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How Google Wearable Displays Will Move Search Into The Next Phase

It may seem simple, but having the ability for a wearable head display mounted device to detect whether someone is wearing the gadget without an on-off switch or to perform a function based on a signal will help move the search for information into the next phase of queries. A Google patent application explains how.

Google has submitted a patent request to the U.S. Patent & Trademark office describing a method that detects a signal from a wearable computing device and causing it to perform a function based on the signal. The method may also include generating a representation of the detected signal, comparing the representation of the signal to a threshold value, and causing the wearable computing device to perform a function based on a specific value.

Computing devices will move away from personal and laptop computers and tablets and cellular phones to much smaller, wearable devices that provide information with a touch, shake of the wrist or a mobile command.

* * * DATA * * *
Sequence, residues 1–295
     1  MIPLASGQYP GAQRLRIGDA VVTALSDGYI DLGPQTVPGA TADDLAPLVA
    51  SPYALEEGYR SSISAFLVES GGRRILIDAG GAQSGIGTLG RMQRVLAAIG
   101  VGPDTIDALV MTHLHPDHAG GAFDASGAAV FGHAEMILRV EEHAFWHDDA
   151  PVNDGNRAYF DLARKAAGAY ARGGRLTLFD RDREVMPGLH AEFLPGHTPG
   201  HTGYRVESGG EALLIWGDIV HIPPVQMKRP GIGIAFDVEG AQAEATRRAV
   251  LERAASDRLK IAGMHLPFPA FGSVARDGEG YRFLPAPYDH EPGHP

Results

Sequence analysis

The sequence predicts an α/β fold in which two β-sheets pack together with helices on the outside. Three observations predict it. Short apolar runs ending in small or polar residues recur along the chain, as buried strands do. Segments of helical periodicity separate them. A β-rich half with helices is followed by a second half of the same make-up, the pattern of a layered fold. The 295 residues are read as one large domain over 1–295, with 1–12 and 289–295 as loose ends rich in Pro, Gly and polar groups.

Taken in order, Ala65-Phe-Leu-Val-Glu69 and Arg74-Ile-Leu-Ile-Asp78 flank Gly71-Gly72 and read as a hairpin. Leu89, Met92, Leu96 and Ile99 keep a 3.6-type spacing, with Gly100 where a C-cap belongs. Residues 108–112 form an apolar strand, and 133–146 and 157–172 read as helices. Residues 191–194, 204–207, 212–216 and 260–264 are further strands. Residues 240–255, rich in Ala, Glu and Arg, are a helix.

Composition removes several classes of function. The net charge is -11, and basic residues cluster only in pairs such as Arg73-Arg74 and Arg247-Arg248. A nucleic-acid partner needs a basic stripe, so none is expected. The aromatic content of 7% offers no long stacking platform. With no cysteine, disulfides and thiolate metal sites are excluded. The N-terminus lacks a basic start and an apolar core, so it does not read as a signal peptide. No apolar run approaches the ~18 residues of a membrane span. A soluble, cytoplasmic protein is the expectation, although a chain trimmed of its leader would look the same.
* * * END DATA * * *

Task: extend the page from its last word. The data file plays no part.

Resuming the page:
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Google's patent application describes what technology inventors call "near-eye displays," a graphic display close to a wearer's eye that displays an image as a normal-sized image, such as might be displayed on a traditional image display device.  

The wearable computing devices with near-eye display may also be referred to as "head-mountable display." It places a graphic display or displays close to one or both eyes of a wearer.

"To generate the images on a display, a computer processing system may be used," per the patent application. The displays may occupy a wearer's entire view or a part of the field of view. Head-mounted displays may vary in size, taking a smaller form such as a glasses-style display or a larger form such as a helmet. 

This patent includes the ability of applications to interact in real-time with an augmented or virtual reality, providing examples for use in safety and aviation, as well as interactive gaming. The device would have the ability to detect whether or not the computing device is being worn, which could make strides in medical applications.

In fact, it's clear in a new patent landscape report from iRunway that wearable technology from companies like Jawbone, Fitbit, Google, Garmin and others is making significant strides in non-invasive monitoring.

Devices that detect a signal could enter a low-power state based on the wearable computing device detecting that the wearable computing device is not being worn and to enter a high-power state based on the wearable computing device detecting that the wearable computing device is being worn.

Controlling the amount of power based on whether the wearable computing device is being worn would avoid wasting energy, conserving the battery life of the wearable computing device. 

You can read the entire patent application here.
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